If acrylic filaments are selected for use in practice of the invention, these filaments may be subjected to an oxidation treatment which alters the polymer chemistry of the filaments prior to chopping and felting; the filaments being stabilized and rendered non-melting. The oxidation treatment for acrylic filaments is controlled in such a manner that the oxidized filaments contain 3 to 15% by weight of oxygen.
Understanding of the present invention will be facilitated by reference to the accompanying drawing which is a scanning electron micrograph of a carbon felt produced in accordance with the present invention magnified 500 times.
In accordance with the present invention fibrillar carbon "paper" having a porosity in the range of 70-90% is prepared employing a filament precursor; the precursor being comprised of any inexpensive material available in filament form which can be pyrolyzed to form a carbon fiber. The filament may be comprised of acrylonitrile polymers including homopolymers, copolymers, terpolymers, graph polymers and the like containing at least 50% acrylonitrile and preferably at least 80% acrylonitrile. Alternatively, the filament may be comprised of a naturally occurring celluslosic fiber such as rayon. The diameter of the filament employed is in part determinative of the pore size of the end product and in order to obtain porosity in the preferred range of 80-85% with a pore size in the range of 15-30μ the initial filament diameters should be in the range of 12-15μ.
If an acrylic filament is employed, the first step in the practice of the invention consists of stabilizing a yarn comprised of a plurality of filaments by subjecting the yarn to an oxidation treatment which alters the polymer chemistry so as to render the constituent filaments non-melting. This oxidation treatment will typically comprise passing the yarn through a forced draft muffle which is maintained at a temperature of approximately 215° C. The passage of the yarn through the muffle is regulated so that the yarn has a total residence time at temperature commensurate with the amount by weight of oxygen it is desired to introduce into the polymer. The usable range of oxygen content for an acrylic filament is 3 to 15%. Maintaining an acrylic yarn at the processing temperature of 215° C for a time of 4 hours will, for example, introduce 9 to 10% by weight oxygen into the polymer. Shorter resident times give lower oxygen content.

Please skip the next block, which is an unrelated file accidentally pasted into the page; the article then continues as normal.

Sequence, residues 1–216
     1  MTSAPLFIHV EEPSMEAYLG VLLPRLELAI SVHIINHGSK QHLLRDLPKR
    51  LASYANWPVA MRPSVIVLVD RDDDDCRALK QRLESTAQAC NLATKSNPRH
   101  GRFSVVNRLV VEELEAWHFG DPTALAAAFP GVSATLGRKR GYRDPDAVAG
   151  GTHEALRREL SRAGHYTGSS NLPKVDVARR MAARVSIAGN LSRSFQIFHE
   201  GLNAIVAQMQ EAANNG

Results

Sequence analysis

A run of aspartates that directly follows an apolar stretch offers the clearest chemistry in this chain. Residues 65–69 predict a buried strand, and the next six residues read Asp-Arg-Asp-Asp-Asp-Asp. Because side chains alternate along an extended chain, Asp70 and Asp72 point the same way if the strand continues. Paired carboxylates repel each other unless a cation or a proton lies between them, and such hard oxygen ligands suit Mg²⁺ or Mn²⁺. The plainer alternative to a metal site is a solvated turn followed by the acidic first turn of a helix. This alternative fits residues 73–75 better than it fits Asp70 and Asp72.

The cellulosic or stabilized acrylic filament is mechanically "chopped" into fibers having the desired length. The chopping step may, for example, be performed in a cutting mill having openings commensurate with the desired porosity of the end product. Restated, the porosity of the end product is also in part controlled by the average length of the individual fibers. Good results have been obtained, with an end product having porosity in the preferred range of 80 to 85% and filaments having a diameter in the range of 12 to 15μ, by reduction of the filaments to lengths in the range of 0.635 to 0.32 centimeters.
The chopped fibers are "felted" by any one of several known techniques including merely manually or mechanically uniformly distributing the fibers on a planar surface. For commercial production, however, the felt will customarily be prepared using a water slurry of the chopped fiber. When using a water slurry the chopped fiber may be ultrasonically dispersed in the water. The fiber is allowed to settle onto a removable screen at the bottom of the container after dispersion, the screen is withdrawn and the wet felt dried in an air oven. Alternatively, and preferably, the water slurry of fiber may be subjected to suction filtration with the felt forming on a filter paper. The felt formed on the filter paper will be dried in an air oven as discussed above. It may, in some cases, be desirable to add a wetting agent to the water to facilitate the felting step.
The dried felt, produced as described above, is next impregnated with a resin. The preferable method of applying the resin has been found to be by spray application while applying suction to the felt. Uniform distribution and strongly bonded material will result when the weight of the cured resin is 12 to 25% of that of the resulting felt. A weight percent of cured resin in the range of 18 to 19% has been found to produce particularly good results. Either a furfural-maleic anhydride prepolymerized copolymer or commercially available Monsanto Chemical Company SC-1008 phenolic resin in an isopropyl alcohol solution have been successfully employed as the resin binder. A particularly good spray application comprised 12cc of a 2/1 isopropyl alcohol/SC-1008 solution per 1.0 gram of felt.
The felt is subjected to a curing step after application of the binder. Again considering the example where the binder consists of the phenolic resin in an isopropyl alcohol solution, curing is accomplished in an air oven at 160° C with a resident time of 1/2 to 3/4 hours being typical.